Videos show Las Vegas casinos underwater again following flash floods, the latest in a string of extreme weather events

The Bellagio Water Fountain show on the Las Vegas Strip is seen from a tower of Caesars Palace Hotel & Casino on July 14, 2022 in Las Vegas, Nevada George Rose/Getty Images
Flash flooding hit Las Vegas for the second time in two weeks on Thursday.
Videos from social media show water pouring from the ceiling in casinos.
More storms and possible flash floods are forecast for Friday.
Monsoon rains swept across Las Vegas on Thursday, causing flooding at some of the city's famous casinos for the second time in two weeks. Videos posted to social media appear to show downpours and the damage they caused to casino floors. These videos have not been independently verified by Insider.
A Twitter user posted video of inside Planet Hollywood Resort & Casino showing card tables soaked with water pouring from the ceiling.
This Las Vegas monsoon season is the wettest in 10 years, according to the Las Vegas National Weather Service. A total of 0.58 inches of rain fell on the city Thursday, bringing the total rainfall for the monsoon season so far to 1.28 inches.
Climate change, fueled by all the greenhouse gases that humans have been releasing into the atmosphere, is altering the planet's water cycle. Rising temperatures increase water evaporation and change the atmospheric and ocean currents that distribute moisture across the globe. In some places, the drought is becoming more frequent, more extreme or longer. In others, heavy rain and flooding are increasing.
Nevada suffers from both extremes. Despite being the driest state in the US, its rainstorms are expected to become more extreme with more flash flooding as the climate changes. This is partly because warmer air contains more water and can therefore release larger flows when it rains.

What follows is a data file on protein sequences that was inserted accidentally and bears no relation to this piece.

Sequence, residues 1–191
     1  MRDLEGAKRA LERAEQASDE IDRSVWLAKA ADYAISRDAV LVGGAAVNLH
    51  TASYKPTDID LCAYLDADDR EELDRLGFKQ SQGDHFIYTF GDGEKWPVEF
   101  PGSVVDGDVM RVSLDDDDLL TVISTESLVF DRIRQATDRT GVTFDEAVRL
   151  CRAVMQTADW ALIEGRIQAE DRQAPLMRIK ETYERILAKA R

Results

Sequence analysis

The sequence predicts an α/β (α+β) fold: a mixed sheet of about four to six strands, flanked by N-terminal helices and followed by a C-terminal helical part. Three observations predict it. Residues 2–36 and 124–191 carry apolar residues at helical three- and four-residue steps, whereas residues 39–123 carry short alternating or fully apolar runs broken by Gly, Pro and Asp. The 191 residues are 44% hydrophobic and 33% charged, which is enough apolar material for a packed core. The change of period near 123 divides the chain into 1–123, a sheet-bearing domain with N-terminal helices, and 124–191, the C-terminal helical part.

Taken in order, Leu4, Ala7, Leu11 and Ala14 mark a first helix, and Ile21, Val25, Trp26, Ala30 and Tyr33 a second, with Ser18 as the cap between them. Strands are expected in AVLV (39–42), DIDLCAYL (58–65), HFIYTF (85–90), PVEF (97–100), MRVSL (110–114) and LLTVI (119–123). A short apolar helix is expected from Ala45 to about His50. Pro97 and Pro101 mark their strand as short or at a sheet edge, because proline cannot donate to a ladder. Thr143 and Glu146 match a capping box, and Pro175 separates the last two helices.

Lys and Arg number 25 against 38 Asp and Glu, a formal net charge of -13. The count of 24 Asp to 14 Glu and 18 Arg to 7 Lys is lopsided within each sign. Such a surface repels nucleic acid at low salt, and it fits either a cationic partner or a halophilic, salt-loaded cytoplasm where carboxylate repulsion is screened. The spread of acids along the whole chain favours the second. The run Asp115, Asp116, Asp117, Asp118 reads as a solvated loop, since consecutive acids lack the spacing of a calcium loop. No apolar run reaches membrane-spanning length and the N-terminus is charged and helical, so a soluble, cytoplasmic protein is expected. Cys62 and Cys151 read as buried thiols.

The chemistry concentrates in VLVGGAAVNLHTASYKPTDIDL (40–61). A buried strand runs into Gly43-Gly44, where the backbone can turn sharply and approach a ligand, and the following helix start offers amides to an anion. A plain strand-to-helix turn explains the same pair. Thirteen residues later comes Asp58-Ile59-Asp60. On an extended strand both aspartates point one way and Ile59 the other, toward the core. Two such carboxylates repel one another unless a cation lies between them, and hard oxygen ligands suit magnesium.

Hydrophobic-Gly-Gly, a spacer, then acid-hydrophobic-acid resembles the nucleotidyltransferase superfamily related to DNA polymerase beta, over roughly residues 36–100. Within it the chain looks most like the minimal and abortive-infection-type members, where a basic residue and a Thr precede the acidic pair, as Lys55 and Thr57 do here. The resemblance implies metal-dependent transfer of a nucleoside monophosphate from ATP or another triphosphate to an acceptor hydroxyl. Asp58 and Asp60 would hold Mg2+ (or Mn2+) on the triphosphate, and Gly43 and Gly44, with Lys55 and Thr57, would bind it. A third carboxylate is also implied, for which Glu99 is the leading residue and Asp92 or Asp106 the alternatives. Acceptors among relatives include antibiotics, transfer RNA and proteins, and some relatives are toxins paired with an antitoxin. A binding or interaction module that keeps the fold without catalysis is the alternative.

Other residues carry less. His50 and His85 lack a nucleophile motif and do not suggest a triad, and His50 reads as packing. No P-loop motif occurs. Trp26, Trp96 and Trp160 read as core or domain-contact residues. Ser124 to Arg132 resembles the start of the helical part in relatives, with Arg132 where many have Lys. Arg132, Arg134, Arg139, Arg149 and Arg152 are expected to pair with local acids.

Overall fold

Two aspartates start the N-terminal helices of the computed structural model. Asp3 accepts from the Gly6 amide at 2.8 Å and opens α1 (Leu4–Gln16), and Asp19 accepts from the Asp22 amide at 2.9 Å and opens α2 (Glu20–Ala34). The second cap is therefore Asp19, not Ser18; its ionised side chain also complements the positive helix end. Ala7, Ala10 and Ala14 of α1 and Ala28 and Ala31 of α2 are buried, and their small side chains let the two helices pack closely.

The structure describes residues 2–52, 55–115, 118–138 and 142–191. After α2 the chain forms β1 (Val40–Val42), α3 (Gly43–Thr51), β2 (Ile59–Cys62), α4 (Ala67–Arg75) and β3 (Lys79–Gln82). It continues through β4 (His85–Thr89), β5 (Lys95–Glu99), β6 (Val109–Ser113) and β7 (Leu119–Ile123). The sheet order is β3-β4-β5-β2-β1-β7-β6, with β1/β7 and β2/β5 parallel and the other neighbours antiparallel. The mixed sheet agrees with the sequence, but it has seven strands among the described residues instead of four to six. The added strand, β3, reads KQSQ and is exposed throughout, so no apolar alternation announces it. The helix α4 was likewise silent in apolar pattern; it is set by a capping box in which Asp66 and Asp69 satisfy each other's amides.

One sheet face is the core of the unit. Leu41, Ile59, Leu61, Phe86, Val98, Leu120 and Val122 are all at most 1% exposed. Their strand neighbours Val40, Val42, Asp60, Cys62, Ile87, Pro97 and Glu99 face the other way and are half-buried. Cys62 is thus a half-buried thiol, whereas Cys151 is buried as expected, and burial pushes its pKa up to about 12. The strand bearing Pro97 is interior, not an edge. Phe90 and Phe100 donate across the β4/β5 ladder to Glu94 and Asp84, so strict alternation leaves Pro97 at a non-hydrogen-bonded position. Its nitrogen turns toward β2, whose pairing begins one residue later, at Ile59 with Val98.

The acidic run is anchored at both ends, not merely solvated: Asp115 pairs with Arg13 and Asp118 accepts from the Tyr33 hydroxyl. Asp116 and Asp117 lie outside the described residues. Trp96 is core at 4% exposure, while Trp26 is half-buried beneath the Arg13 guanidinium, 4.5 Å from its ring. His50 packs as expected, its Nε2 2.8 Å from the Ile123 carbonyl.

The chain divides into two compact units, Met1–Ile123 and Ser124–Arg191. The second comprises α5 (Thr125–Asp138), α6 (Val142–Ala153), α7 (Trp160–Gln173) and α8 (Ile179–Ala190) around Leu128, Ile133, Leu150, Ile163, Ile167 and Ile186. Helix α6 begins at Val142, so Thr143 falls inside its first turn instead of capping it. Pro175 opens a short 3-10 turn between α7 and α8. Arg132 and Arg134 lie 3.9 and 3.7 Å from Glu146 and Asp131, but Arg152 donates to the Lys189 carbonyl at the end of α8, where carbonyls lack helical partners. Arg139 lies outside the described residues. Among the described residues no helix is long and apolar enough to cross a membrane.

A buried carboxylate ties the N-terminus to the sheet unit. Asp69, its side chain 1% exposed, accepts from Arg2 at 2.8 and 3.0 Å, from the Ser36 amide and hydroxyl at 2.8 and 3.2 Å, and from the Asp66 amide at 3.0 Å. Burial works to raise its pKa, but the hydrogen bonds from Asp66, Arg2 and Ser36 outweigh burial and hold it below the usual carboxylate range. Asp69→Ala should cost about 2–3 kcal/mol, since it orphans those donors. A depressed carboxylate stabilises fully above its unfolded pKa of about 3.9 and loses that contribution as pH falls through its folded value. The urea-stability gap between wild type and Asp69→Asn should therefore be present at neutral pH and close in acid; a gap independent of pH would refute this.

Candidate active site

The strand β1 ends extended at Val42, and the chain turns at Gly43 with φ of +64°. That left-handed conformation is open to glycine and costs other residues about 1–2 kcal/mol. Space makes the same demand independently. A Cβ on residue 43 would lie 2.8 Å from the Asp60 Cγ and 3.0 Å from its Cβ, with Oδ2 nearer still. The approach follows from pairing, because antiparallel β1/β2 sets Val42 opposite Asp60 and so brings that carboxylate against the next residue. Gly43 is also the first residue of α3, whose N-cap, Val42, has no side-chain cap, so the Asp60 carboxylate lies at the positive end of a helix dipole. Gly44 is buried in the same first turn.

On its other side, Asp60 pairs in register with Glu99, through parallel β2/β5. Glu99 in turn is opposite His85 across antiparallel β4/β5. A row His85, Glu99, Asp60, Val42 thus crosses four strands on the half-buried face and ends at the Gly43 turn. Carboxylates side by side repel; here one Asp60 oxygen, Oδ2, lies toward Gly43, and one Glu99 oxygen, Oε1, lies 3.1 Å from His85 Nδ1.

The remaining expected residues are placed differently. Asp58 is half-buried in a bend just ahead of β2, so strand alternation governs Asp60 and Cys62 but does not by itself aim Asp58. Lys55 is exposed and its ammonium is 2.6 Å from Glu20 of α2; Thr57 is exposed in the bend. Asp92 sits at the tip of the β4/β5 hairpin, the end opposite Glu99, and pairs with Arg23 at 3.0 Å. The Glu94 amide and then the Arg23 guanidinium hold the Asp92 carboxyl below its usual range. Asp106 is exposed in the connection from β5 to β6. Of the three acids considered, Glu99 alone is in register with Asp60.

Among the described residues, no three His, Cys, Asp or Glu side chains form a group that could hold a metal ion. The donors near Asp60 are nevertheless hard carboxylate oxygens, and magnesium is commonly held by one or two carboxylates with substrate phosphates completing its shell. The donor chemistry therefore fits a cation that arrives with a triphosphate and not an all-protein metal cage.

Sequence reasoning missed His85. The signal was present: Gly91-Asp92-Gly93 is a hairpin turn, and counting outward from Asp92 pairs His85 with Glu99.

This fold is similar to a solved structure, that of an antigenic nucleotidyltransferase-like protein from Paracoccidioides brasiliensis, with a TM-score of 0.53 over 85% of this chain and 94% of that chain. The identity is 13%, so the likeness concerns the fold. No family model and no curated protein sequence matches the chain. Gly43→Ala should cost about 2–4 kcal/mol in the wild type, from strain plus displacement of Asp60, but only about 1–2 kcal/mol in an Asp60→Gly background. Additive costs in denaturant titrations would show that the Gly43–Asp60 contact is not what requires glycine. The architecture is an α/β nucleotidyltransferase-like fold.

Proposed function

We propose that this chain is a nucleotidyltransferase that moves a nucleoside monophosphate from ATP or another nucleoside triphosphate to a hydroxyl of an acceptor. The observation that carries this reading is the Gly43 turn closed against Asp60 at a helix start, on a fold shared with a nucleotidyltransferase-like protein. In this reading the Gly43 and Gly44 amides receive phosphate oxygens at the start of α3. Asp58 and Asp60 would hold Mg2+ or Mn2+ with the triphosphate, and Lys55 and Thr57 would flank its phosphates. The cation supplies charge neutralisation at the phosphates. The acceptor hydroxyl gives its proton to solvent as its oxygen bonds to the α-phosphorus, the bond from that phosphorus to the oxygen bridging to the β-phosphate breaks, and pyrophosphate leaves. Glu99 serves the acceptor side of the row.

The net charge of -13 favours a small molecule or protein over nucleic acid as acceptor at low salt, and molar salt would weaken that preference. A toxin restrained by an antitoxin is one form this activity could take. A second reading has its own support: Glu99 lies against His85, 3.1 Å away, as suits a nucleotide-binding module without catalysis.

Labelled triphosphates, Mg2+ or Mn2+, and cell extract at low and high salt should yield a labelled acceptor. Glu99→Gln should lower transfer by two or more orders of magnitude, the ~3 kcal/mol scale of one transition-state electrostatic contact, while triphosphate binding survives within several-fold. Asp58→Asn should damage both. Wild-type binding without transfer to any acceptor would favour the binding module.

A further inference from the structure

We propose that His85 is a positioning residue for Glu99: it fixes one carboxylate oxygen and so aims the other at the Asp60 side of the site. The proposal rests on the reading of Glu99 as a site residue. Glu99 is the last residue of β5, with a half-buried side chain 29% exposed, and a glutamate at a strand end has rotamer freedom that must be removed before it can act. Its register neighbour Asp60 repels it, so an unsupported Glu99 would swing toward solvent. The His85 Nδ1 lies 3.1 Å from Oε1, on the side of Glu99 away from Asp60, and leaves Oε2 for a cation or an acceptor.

In a clip posted to Twitter of a car making its way through flood waters near the Linq Hotel & Casino, onlookers can be heard cheering for the driver - although some viewers weren't so confident.
"Holy shit, holy shit, I don't know if you can do this," one person can be heard in the video.
Nevada's drought can actually make flooding worse because drier soil holds less water. This allows more flooding to build up on the ground, creating dangerous, high-velocity floods like the ones that tumbled through Death Valley last weekend in an event that happens every 1,000 years, or the waters in these videos from Las Vegas.
Video posted to Twitter by a passenger on a Regional Transportation Commission of Southern Nevada bus showed the streets being flooded with running water.
"Charleston is feeling like a frenzied rapids ride right now," the tweet said, referring to Charleston Boulevard in Las Vegas.
The National Weather Service shared video of the storm as it moved into the area.
According to the National Weather Service, more storms with the risk of flash flooding are possible again on Friday.
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